Advertisement

Current Genetics

, Volume 12, Issue 2, pp 81–90 | Cite as

Sequence analysis of cDNAs for the human and bovine ATP synthase β subunit: mitochondrial DNA genes sustain seventeen times more mutations

  • Douglas C. Wallace
  • Jianhong Ye
  • S. Nicolas Neckelmann
  • Gurparkash Singh
  • Keith A. Webster
  • Barry D. Greenberg
Original Articles

Abstract

We have cloned and sequenced human and bovine cDNAs for the β subunit of the ATP synthase (ATP-synß), a nuclear DNA (nDNA) encoded oxidative phosphorylation (OXPHOS) gene. The two cDNAs were found to share 99% amino acid homology and 94% nucleotide homology. The evolutionary rate of ATPsynß was then compared with that of two mitochondrial DNA (mtDNA) ATP synthase genes (ATPase 6 and 8), seven other mtDNA OXPHOS genes, and a number of nuclear genes. The synonymous substitution rate for ATPsynß proved to be 1.9 × 10−9 substitutions per site per year (substitutions × site−1 × year−1) (SSY). This is less than 1/2 that of the average nDNA gene, 1/12 the rate of ATPase 6 and 8, and 1/17 the rate of the average mtDNA gene. The synonymous and replacement substitution rates were used to calculate a new parameter, the “selective constraint ratio”. This revealed that even the most variable mtDNA protein was more constrained than the average nDNA protein. Thus, the high substitution mutation rate and strong selective constraints of mammalian mtDNA proteins suggest that mtDNA mutations may result in a disproportionately large number of human hereditary diseases of OXPHOS.

Key words

ATP synthase β Selective constraint mtDNA Evolution 

Preview

Unable to display preview. Download preview PDF.

Unable to display preview. Download preview PDF.

References

  1. Anderson S, Bankier AT, Barrell BG, de Bruijn MHL, Coulson AR, Drouin J, Eperon IC, Nierlich DP, Roe BA, Sanger F, Schreier PH, Smith AJH, Staden R, Young IG (1981) Nature 290:457–465Google Scholar
  2. Anderson S, de Bruijn MHL, Coulson AR, Eperon IC, Sanger F, Young IG (1982) J Mol Biol 156:683–717Google Scholar
  3. Aquadro CF, Greenberg BD (1983) Genetics 103:287–312Google Scholar
  4. Aviv H, Leder P (1972) Proc Natl Acad Sci USA 69:1408–1412Google Scholar
  5. Bibb MJ, Van Etten RA, Wright CT, Walberg MW, Clayton DA (1981) Cell 26:167–180Google Scholar
  6. Boutry M, Vassarotti A, Ghislain M, Douglas M, Goffeau A (1984) J Biol Chem 259:2840–2844Google Scholar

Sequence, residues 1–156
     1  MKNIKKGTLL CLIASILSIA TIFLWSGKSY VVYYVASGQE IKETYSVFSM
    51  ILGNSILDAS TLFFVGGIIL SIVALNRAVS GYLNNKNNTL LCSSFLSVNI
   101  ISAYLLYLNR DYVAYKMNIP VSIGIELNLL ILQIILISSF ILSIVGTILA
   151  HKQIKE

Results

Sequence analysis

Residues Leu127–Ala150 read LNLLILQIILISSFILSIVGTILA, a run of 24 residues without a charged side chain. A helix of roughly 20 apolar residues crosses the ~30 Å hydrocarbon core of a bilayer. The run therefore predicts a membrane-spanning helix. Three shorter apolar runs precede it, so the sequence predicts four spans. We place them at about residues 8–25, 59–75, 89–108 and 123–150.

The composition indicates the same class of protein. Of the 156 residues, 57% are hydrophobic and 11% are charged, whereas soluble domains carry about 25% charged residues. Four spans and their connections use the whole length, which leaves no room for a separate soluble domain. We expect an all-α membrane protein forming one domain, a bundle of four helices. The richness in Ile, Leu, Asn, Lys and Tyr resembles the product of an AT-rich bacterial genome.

7. Brown WM, George M Jr, Wilson AC (1979) Proc Natl Acad Sci USA 76:1967–1971Google Scholar
  8. Brown WM, Prager EM, Wang A, Wilson AC (1982) J Mol Evol 18:225–239Google Scholar
  9. Brown GG, Simpson MV (1982) Proc Natl Acad Sci USA 79:3246–3250Google Scholar
  10. Case JT, Wallace DC (1981) Somatic Cell Mol Genet 7:103–108Google Scholar
  11. Dale RMK, McClure BA, Houchins JP (1985) Plasmid 13:31–40Google Scholar
  12. Feinberg AP, Vogelstein B (1983) Anal Biochem 132:6–13Google Scholar
  13. Feinberg AP, Vogelstein B (1984) Anal Biochem 137:266–267Google Scholar
  14. Fitzgerald M, Shenk T (1981) Cell 24:251–260Google Scholar
  15. Gay NJ, Walker JE (1985) EMBO J 4:3519–3524Google Scholar
  16. Giles RE, Blanc H, Cann HM, Wallace DC (1980) Proc Natl Acad Sci USA 77:6715–6719Google Scholar
  17. Gojobori T, Ishii K, Nei M (1982) J Mol Evol 18:414–423Google Scholar
  18. Greenberg BD, Newbold JE, Sugino A (1983) Gene 21:33–49Google Scholar
  19. Hasegawa M, Kishino H, Yano T-A (1985) J Mol Evol 22:160174Google Scholar
  20. Hixon JE, Brown WM (1986) Mol Biol Evol 3:1–18Google Scholar
  21. Howley PM, Israel MA, Law M-F, Martin MA (1979) J Biol Chem 254:4876–4883Google Scholar
  22. Huynh TV, Young RA, Davis RW (1985) Constructing and screening cDNA libraries in λgt10 and λgt11. In: Glover DM (ed) DNA cloning, vol I, a practical approach. IRL Press, Washington DC, pp 49–78Google Scholar
  23. Jarausch J, Kadenbach B (1982) Hoppe-Seyler's Z Physiol Chem 363:1133–1140Google Scholar